Jacob, George and William Miller families were early settlers in southwest Louisiana. Jacob Miller, and wife Anne Marie Thaison, claimed to be “Roman Catholic and Apostolic, and native of Germany.” George Miller, and wife Catherine Ritter, probably born in Maryland, was from London and reared at Hanover, Germany. William or Guilliam Miller, and wife Anne Kevin or Caven of Ireland, was born in Scotland.
Both Jacob and George Miller lived near Grand Coteau after the 1750’s. William did not live in LA but, his wife and family did. William died in Pensacola, FL in 1771 and his wife died in St. Martin, LA. Two of the three known daughters, both Marguerite and Elizabeth Genevieve Miller, married and lived in St. Martin and St. Landry parishes, respectively. Marguerite married Pierre Guidry in 1781 and they had 12 children. Elizabeth married Robert Burleigh, Jr. before 1781 and they had seven children.
Some of the William Miller descendants married into Jacob and George Miller families. Pierre Richard, a William Miller descendant, married Eva Colligan in 1865. Eva was a descendant of both Jacob and George Miller families. Therefore, their six children are descendants from the three Miller southwest Louisiana families.
Many in southwest Louisiana may know of, or their parents know of, some names from the Jacob Miller family. The Chataignier Miller families included Antoine Miller and Augustine Manuel’s descendants, Antoine Salomon (sons Camille, Faustin and Salomon), Emile (sons J. Bte. “Gus” and Cleophas) Martel (sons Aliday, Martel, Jr., and Gilbert Lee) Homer (son Mayo Homer, daughter Felonise & husband Onest Sonnier), and Jean Pierre (son Octave and his son Malcolm Lionel).
Farther south and west in Cameron parish, Antoine’s brother and Civil War Veteran, Pierre Valcour Miller settled. From that family, the well known cattleman Eugene Miller whose son Laurent was a veterinarian and son Martin O. Miller a well know New Orleans physician and was Governor Earl Long’s personal physician. Pierre V. Miller’s son P.V. Miller, Jr.’s son Minos Drosin Miller, Sr. was an attorney who practiced in Lake Charles and Vinton. He was politically well connected. Minos’ son M.D. Miller, Jr. was a WW II pilot, shot down on a mission, presumed dead, and buried at sea. After the U.S. victory, he was freed from a Japanese prisoner of war camp. He practiced law, followed by his election as Judge of the 31st Judicial District Court of Louisiana (Jennings).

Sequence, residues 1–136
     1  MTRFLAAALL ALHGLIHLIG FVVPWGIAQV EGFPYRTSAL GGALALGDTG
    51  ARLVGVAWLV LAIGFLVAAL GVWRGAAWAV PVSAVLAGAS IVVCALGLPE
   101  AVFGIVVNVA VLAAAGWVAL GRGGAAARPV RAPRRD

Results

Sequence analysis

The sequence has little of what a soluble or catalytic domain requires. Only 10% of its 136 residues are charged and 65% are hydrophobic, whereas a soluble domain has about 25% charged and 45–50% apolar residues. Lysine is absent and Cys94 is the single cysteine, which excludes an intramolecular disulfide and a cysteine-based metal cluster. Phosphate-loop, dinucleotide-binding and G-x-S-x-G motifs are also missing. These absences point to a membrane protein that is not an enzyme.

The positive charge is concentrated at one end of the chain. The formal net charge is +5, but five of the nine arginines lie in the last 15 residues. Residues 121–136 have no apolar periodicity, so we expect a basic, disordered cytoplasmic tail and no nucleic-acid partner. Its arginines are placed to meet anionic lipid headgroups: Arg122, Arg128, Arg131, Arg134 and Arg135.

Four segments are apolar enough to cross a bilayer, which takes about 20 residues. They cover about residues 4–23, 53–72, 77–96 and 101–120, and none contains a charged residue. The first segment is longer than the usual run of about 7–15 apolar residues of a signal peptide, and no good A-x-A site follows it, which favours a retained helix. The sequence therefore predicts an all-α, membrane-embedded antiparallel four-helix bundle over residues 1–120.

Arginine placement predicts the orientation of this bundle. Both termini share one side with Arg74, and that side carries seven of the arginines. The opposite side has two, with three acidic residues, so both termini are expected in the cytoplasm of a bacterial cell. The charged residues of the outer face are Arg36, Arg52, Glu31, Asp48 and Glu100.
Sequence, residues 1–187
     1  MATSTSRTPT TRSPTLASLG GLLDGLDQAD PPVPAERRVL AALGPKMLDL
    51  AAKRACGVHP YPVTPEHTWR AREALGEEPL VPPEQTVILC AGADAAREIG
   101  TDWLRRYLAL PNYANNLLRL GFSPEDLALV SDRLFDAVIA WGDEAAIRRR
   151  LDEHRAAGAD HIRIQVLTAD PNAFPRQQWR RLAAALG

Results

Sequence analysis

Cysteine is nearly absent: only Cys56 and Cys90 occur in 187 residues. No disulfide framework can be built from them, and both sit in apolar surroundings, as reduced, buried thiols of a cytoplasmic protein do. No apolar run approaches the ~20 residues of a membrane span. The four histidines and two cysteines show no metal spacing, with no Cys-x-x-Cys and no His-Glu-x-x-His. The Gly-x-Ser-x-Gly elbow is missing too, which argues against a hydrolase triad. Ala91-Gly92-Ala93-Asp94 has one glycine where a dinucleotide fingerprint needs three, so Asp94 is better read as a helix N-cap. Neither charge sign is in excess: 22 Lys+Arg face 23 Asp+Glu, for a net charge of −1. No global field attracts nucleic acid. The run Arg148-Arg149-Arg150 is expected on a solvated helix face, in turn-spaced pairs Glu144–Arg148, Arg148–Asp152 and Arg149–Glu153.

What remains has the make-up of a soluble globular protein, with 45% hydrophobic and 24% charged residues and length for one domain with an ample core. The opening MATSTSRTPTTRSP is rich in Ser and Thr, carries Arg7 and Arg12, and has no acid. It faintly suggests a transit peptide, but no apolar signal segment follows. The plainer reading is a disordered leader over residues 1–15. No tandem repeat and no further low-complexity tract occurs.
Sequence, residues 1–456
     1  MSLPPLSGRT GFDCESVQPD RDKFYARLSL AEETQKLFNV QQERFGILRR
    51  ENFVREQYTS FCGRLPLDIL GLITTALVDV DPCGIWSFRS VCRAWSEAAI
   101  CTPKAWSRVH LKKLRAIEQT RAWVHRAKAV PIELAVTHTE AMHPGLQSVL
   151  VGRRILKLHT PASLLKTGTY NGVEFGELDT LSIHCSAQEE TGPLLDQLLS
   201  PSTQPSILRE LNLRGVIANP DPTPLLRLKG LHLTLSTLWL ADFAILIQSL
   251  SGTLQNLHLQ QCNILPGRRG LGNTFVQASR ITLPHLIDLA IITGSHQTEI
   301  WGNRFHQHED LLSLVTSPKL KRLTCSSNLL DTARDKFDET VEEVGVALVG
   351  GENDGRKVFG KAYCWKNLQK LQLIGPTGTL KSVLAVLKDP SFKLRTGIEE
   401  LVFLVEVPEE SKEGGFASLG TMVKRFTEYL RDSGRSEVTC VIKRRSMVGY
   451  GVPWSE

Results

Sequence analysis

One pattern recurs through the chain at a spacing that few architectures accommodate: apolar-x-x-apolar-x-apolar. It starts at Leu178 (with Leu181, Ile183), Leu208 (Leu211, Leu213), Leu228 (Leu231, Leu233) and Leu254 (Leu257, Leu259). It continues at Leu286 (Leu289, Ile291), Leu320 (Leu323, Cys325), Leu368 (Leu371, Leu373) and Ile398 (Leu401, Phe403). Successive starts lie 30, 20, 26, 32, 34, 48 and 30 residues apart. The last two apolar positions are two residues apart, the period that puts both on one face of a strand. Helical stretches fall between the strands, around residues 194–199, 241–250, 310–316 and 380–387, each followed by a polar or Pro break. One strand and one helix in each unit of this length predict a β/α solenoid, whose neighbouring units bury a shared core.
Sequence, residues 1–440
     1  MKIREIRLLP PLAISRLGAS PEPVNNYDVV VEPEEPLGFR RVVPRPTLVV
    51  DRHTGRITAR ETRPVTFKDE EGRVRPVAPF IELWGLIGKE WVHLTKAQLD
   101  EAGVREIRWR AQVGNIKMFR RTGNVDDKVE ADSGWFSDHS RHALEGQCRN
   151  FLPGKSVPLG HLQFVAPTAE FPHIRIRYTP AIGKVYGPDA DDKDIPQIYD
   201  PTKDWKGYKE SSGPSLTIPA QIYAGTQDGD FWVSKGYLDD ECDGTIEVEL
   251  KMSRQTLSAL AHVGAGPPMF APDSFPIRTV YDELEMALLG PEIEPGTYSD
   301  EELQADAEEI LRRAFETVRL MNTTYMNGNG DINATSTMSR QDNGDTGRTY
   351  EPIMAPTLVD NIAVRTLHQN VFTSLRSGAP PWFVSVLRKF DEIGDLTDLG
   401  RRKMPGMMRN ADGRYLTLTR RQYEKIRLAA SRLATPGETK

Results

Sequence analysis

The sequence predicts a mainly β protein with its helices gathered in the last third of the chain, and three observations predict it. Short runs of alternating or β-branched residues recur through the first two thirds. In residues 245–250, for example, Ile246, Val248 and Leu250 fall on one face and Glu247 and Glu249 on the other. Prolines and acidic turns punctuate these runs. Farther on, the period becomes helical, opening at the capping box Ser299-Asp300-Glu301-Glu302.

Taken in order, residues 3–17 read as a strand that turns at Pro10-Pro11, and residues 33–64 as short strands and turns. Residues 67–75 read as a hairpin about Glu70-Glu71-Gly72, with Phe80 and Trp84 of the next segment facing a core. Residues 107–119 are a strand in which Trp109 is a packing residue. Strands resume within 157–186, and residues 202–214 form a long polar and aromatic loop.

With so many Miller descendants, it can become overwhelming when evaluating ones family history. You may ask if "So and So" is your relative? The answer requires hours of research. Examples include Miller families in Evangeline parish. The Bonnes Nouvelles recently published “Jack Miller's Food Products Celebrates 75 Years” (June 2016) and “Zick Miller Family - Two Hands to the Plow” (September 2003). The Ville Platte Gazette listed J. Bte. Gus Miller as the Police Jury President (July 1976) and the Daily World (April 1987) printed, “Memories of Miller’s Lake revived”. Roderick Luke Miller’s obituary in the Daily World, January 2005) recounted Cleophas’ son, Rod, and his success as a family man, an attorney, and the first Republican elected to the House of Representatives from Lafayette Parish. Not all of your questions will be answered about the Miller stories published, but let us explore some of the family details mentioned about those families.